After a day of knocking around Oban, I received the skipper’s orders via email to meet the crew at a nearby café, where it took but a minute for me to know I was in good company: Rhea and Steve, a fun-loving and quirky couple from Minnesota; Will, an ever-curious fellow New Yorker from Brooklyn; and myself, the old fart, made up the complement of eager deckhands. James, who hails from Bristol, England, was also aboard as a photographer charged with documenting the trip. He would stay with us until Shetland and proved to not only be part naturalist, part historian and part tour guide, but an all-round great guy.
I first came to know Andy and Mia through their podcast, On the Wind, and had met them in person in Annapolis when I took one of their celestial navigation workshops. They are a likable and genuine pair. Andy, who started sailing when he was kid, spent his youth plying the waters of the Bahamas and Chesapeake Bay. Swedish-born Mia, is new to sailing by comparison, but already boasts three Atlantic crossings, one more than Andy. They met in New Zealand while following their youthful wanderlust. They married and now call Sweden their home when not at sea.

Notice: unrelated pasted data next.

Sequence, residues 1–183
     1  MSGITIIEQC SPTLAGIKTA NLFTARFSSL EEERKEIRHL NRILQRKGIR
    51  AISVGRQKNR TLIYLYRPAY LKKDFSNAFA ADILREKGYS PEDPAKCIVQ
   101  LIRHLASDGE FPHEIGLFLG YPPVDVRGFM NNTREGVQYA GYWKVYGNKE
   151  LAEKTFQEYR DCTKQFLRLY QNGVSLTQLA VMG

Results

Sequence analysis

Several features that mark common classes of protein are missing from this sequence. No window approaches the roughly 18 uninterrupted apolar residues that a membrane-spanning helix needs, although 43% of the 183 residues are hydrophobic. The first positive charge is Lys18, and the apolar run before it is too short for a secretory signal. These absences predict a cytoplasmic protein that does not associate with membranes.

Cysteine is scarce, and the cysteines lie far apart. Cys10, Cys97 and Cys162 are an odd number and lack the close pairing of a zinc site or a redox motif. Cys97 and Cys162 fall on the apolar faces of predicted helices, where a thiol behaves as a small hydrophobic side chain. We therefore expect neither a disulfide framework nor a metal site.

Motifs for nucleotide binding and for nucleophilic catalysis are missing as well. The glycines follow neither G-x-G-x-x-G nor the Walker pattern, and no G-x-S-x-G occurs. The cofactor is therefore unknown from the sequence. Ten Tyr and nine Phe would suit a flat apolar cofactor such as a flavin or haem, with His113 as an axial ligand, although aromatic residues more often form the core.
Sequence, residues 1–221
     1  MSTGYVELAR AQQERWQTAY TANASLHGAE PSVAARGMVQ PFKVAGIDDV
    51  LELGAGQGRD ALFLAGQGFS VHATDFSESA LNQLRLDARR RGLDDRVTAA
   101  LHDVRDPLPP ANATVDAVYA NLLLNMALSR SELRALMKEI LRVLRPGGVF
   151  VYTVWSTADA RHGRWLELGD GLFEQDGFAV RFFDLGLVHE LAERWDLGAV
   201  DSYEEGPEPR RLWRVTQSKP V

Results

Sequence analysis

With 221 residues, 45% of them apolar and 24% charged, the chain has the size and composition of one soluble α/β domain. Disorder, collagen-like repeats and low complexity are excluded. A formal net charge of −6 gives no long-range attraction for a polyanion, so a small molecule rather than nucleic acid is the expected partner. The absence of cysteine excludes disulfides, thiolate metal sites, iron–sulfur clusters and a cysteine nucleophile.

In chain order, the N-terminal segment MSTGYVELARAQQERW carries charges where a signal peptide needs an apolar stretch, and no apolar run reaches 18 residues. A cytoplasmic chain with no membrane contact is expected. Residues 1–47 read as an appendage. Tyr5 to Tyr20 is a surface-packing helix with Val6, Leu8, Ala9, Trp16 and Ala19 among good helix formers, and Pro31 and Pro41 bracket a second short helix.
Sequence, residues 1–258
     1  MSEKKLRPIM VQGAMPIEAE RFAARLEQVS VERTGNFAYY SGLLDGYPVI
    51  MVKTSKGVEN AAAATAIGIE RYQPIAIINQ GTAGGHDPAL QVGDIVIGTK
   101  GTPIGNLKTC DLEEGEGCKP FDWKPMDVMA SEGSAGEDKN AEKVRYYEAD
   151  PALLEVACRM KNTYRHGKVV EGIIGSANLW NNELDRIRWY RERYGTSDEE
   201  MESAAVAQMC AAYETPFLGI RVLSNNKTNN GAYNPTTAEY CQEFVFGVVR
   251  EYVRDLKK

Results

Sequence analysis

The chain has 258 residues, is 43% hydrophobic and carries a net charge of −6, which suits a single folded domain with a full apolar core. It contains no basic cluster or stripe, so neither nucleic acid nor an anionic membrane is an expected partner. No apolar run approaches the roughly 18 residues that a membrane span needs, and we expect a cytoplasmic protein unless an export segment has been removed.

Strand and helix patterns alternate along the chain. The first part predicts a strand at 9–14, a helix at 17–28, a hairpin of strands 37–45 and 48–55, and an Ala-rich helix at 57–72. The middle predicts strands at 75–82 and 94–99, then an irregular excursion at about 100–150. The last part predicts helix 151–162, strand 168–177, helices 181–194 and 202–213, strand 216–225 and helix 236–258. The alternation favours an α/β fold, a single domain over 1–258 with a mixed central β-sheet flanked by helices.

On the day of our departure, we wheeled two shopping carts full of last-minute essentials to Oban Harbor where we were to be ferried to the not-so-distant Isle of Kerrera of which Isbjörn was berthed. Thanks to a 10ft tidal range, the exposed rocky seabed was littered with small boats on the hard as we loaded our sea bags and provisions onto the launch. Once onboard Isbjörn, we were assigned our berths and shown the ins and outs of our new home. After that came our first meal aboard followed by a briefing from Andy on his passage plan, in which he stressed the need to be flexible. According to Andy, the weather for the foreseeable future was cold, wet and gray, but we had favorable winds to head northwest through the Sound of Mull to the more open water beyond. He also made it clear we were on a sailboat and sailing was what we were going to do. Sure, we’d motor if need be, but we should be prepared to use wind power whenever possible.